Thursday, May 24, 2012

Off we go.

I always imagined that there would be a giant oak desk. A massive, work of art, of a desk with the smell of leather and an undercurrent of terror in the room. I imagined I'd be sitting in a rather uncomfortable wooden chair, with arms rubbed shiny from the worried hands of those who had come before me, and I'd be clutching to Randy like an old lady clutches her purse. And the benevolent Doctor, sitting across from me, but with a very compassionate look on his face, would say, "I'm sorry. It's cancer." Then the wailing would begin and never end, because it would mean I was dying and we'd have to tell my children.

I could never see the vision past telling my children but that doctor sure was good looking.

Well, this isn't how it went down for me. Standing in a business, contracted to provide henna and glitter tattoos to squealing and giggling little girls and boys, my phone rings. "I'm sorry," I say to the person I'm talking with, "I have to take this."

I look at the caller ID and my guts start to churn when I see it's not my doctor but my aunt calling, to see if I've heard anything yet. Suddenly I feel this urgent need to poop because adrenaline is rushing through me and fight is not an option, but flight is starting to sound really good! A moment later my phone rings again and I take a deep breath when I see it is the clinic and I say, "Hello?"


Strangely I usually pop right out of my body when I enter into a situation like this but this time I am fully in my body. I hear every word she says. I respond calmly. I hang up.


"Hi Kristina, I have your results right here. Okay, so what we have is a (compassionate and non-annoying pause), papillary carcinoma, which-"

"Is cancer, I know." I interrupt. It's my cancer, I'll say it first.

"It is, yes, and I just want you to know that this type of cancer is..." and she goes on about what I already know, how highly common this type of cancer is, and super, easily treatable it is. How if you had to pick a cancer to have, this is the one to choose, and I say, "I know. Thank you."

She sounds a little confused that I am not crying, I am just listening and answering her questions and that's it. The ground is still firm beneath me. I still feel the phone in my hands. "Do you... have any questions?"

"I really don't, I'm good, thank you." I feel like a drone, I want to be polite and I also want to get the fuck off this phone so I can figure out if I am going to fall apart in front of all these children or not.

"Wow, this is the easiest time I've ever had giving someone this news. Are you sure you're okay?" Yes, I am. Thank you. I'll follow up with my doc, yes. If I have questions, I know who to call, thank you, yes, have a good day.


I hang up the phone and I feel my Spirit suddenly sit down on the chair. My body is standing but my Spirit has sucked in its breath, detached itself from me and is sitting down, reeling from the news. 


My body walks over to the organizer who fortunately is a friend and a gracious, lovely woman, and I say, "I have to go. I'm sorry." I don't explain further, I get her blessing and I pack up and I grab my daughter and we hustle out to the car so I can call (everyoneintheworld) my husband and tell him what is happening to us now. Now that cancer is in our house.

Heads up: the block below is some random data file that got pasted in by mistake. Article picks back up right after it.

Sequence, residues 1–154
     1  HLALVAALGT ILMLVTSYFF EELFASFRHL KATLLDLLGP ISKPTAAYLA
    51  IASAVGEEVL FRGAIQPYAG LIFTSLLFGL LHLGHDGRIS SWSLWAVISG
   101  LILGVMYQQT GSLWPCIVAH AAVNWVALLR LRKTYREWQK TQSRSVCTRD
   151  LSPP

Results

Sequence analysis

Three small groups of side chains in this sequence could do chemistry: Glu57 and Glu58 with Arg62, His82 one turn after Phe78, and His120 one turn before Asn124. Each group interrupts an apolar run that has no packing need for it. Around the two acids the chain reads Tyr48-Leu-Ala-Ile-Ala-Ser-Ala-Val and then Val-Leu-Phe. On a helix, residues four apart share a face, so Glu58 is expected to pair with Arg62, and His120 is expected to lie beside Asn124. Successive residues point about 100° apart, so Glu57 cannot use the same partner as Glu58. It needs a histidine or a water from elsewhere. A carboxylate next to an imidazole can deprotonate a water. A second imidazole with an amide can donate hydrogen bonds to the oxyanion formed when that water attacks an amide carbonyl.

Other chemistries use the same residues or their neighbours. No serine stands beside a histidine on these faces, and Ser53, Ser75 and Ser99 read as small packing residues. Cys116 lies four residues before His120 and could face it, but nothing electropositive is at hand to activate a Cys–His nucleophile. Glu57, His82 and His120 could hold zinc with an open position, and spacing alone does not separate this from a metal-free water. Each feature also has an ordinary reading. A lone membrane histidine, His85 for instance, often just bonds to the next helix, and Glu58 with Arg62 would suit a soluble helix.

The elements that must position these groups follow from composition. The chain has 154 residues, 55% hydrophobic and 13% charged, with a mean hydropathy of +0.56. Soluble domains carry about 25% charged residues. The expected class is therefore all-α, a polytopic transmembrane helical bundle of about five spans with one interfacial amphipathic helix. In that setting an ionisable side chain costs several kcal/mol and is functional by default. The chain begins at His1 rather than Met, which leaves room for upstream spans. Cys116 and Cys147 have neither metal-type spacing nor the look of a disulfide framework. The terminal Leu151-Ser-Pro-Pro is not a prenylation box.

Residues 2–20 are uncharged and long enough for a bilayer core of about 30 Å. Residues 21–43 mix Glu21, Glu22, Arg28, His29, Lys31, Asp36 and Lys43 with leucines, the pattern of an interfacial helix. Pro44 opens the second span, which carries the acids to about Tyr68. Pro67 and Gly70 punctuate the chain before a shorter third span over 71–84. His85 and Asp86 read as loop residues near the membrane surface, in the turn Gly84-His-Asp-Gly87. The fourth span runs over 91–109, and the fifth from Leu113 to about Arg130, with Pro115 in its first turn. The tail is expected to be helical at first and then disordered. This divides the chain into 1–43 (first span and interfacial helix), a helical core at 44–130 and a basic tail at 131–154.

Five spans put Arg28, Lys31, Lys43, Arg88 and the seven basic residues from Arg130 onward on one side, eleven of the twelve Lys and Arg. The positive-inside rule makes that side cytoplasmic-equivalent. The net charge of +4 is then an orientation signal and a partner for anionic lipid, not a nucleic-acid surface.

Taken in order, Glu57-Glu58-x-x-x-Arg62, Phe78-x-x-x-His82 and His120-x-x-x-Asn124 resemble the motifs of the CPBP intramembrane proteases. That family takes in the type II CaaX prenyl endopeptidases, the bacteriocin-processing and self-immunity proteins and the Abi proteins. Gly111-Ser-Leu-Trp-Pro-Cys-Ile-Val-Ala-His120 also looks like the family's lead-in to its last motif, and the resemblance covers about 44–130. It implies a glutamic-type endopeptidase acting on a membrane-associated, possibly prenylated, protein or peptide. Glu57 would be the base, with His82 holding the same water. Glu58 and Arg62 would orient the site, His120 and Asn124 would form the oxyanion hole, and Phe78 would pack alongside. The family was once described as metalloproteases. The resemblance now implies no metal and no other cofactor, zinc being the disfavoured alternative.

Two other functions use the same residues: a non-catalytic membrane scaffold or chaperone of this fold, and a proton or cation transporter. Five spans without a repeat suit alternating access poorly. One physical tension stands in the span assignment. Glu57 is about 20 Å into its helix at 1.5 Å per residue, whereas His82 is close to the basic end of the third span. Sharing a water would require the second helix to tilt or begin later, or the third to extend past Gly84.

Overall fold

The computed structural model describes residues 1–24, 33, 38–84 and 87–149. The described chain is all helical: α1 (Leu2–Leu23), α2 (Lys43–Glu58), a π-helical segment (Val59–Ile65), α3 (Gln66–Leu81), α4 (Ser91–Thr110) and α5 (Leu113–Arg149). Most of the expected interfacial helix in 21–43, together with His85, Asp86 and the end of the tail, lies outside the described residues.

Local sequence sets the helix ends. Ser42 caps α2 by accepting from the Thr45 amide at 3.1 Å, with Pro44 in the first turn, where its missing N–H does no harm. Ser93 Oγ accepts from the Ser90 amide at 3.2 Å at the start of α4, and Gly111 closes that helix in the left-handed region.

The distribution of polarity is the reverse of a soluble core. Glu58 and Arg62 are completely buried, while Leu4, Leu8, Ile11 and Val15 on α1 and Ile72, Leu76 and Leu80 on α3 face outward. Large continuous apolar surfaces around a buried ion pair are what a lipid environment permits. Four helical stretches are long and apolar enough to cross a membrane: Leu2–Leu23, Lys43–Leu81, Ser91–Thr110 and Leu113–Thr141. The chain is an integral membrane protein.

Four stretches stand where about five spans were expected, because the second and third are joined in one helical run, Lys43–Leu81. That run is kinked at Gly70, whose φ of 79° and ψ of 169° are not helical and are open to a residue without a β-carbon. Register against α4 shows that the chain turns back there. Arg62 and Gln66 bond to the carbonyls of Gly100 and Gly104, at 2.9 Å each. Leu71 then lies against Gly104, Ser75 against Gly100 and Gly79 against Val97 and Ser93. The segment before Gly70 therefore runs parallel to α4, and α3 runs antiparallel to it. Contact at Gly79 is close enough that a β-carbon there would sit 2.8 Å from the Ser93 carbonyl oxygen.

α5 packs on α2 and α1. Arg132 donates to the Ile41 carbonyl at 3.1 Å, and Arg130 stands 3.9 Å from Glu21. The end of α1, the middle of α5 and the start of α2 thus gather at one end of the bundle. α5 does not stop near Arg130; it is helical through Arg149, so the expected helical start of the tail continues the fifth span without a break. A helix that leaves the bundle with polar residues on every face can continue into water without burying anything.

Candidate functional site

I call Randy and we sit on the phone- stunned silence. But no freaking out, or panic. Just more like... woah. So we talk about it a bit and he says, "Do you need me to come home?" I say no, I have too much to do today. What are we going to do, sit on the couch and stare at each other?

So what is there to do? I have to drive up to my mother's house which isn't the safest (emotionally) place for me to be, especially when I'm this vulnerable. Am I vulnerable? I actually check in with myself and I say out loud, "I have cancer."

And I start laughing.

It's too funny. I mean seriously- CANCER? *I* have cancer. ME. That is just... the most ludicrous thing that could ever be true. It's ridiculous.

I text my friends and I feel like I can't explain thoroughly how absolutely hilarious this situation is, so when I hear, "I'm so sorry!" I can't help but think, "Why? What did you do?"

I drop off my mom and I finally have a moment alone with it (well, as alone as any mother of a little kid is) and I start to feel it rise up in me. And what I'm craving is some really loud, happy music so I load one up (Love Song, by Sarah Barreilles if you're curious) and I just sing that shit as LOUD as I possibly can.

There's really nothing else to do but sing. And I start laughing again because I think, maybe this surgery will help my singing voice? It is currently abysmal.


  1. Wow, Kristina. First, holy shit - cancer. I don't know what to say. I'm holding you especially close to my heart right now. I want to hold you and hug you and tell you it'll all be ok, but of course I don't know that, right? Secondly, you're a fantastic writer. It feels good, writing, doesn't it? You're amazing, and I have so much hope for you... I'll follow every step of the way. Sending so much love to you right now...

  2. OK, you and I need to talk! My body had cancer in "98. Notice my word choice here. I have been where you are, phone call and all of it. If you want to talk, sing, or just listen. I'm here. Email me. Blessings, Janis

  3. Three simple words...
    Rock on, Mama

    Rebekah, PS mama

  4. Thank you for sharing your story. You are a strong woman and if anyone can beat the "C" you can! Positive healing energy is pouring your way.